A Hadoop Summit panel of major enterprise executives says that they are getting encouraging results from their Hadoop deployments and have no regrets about being early adopters of the technology.
SAN JOSE, Calif.—With any new technology there are likely concerns about whether it's worth the investment in time, expense and deviation from the tools and infrastructure any organization is already familiar with.
But a panel of enterprise IT executives speaking at the Hadoop Summit here said they have no regrets about diving in with Hadoop to help manage their increasingly large pools of big data.
"There are always going to be the 'it will never work people.' I would say kill the fear. Haters to the left. Just go for it and get started," said David T. Lin, leader and evangelist at Symantec.
Chris Dingle, director of customer intelligence at Canadian cable giant Rogers, said his company had a Hortonworks implementation of Hadoop going in five business days. "We started off by making a business use case, which really brings people's time and energy and passion to the table," said Dingle.
As a leading vendor of consumer and enterprise security products, Symantec has been dealing with big data for years with an urgent need to detect security threats as quickly as possible from among the hundreds of millions of endpoints it monitors. Lin says Symantec's adoption of the Hadoop-based Hortonworks Data Platform has allowed it to scale its detection and remediation systems faster.
With its earlier big data analysis system, Lin said there were instances following a large-scale attack when its security system would get backed up and detection would take three to four hours. "That's unacceptable. With Hadoop, the latency is down to seconds," said Lin. "That means instead of customers waiting, protection comes in seconds. That's an order of magnitude of change. And we're confident as we scale out the response time will still be seconds."
Telecommunications carrier Verizon is another company that's using Hadoop to get a better handle on its big data needs. Rob Smith, executive director of IT at Verizon, said its long-established data warehouse system was too static in terms of not giving the company the latest customer insights.
For example, customer churn, where users sign up for a service, but quickly drop it, is a big deal for carriers. "When you have over 100 million customers, any small change is significant," said Smith. With Hadoop, Smith says Verizon was able to do a click-stream analysis of social media and searches related to Verizon.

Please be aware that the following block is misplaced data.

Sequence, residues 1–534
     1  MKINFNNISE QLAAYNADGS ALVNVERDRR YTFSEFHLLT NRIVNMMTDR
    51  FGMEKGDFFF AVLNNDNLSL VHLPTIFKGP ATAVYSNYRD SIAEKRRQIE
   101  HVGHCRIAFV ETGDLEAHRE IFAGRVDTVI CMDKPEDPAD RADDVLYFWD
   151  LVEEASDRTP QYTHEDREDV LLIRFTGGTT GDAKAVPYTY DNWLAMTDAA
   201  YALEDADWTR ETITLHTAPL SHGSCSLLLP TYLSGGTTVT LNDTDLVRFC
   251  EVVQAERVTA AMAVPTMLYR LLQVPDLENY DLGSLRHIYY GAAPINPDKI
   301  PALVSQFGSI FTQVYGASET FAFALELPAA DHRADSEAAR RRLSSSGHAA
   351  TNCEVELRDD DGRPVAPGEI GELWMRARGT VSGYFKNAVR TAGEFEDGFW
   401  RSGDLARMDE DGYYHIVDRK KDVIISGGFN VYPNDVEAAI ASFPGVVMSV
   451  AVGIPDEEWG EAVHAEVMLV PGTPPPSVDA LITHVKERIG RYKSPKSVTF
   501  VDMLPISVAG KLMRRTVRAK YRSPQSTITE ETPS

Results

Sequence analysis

"All those data points have a connection to customer behavior and intention," he said. With its Hadoop system in place, Verizon was able to create a more "holistic platform" of different data feeds that let the company identify complaints and other issues more quickly.
"We do iconic [product] launches, and now we can see sentiment and where there's confusion and we're able to make adjustments in real time and see the call center volumes go down," Smith said.
Another company with well-established big data credentials is $50 billion oil and gas services giant Schlumberger. Anil Varma, vice president of data and analytics at Schlumberger, says it is still "early days" toward his ultimate goal of having all of the company's business and operational data together in one place.
"We want to get a consistent view of everything—that's the long-term vision," said Varma. With its Hadoop implementation though, Varma feels things are headed in the right direction.
"We like Hadoop because it's an integrated ecosystem that's consistent no matter who queries it. You look at processes the same way as you look at business lines," he said. "As you connect the activities of the company horizontally, your notion of a process expands beyond the business lines."
In a later session, well-known business author and consultant Geoffrey Moore said Hadoop has grown a lot since he spoke at the conference a few years ago.
"I remember in 2012 everyone was like, 'All we are saying is give Hadoop a chance'"—a twist of a Beatles lyric that drew a laugh. "It was a gathering of the faithful. Now we're at the use case phase. We're across the chasm," he said, in reference to his best-selling tech marketing book Crossing the Chasm
. "Perhaps not in the Tornado [another book reference, Inside the Tornado
], but there are compelling use cases."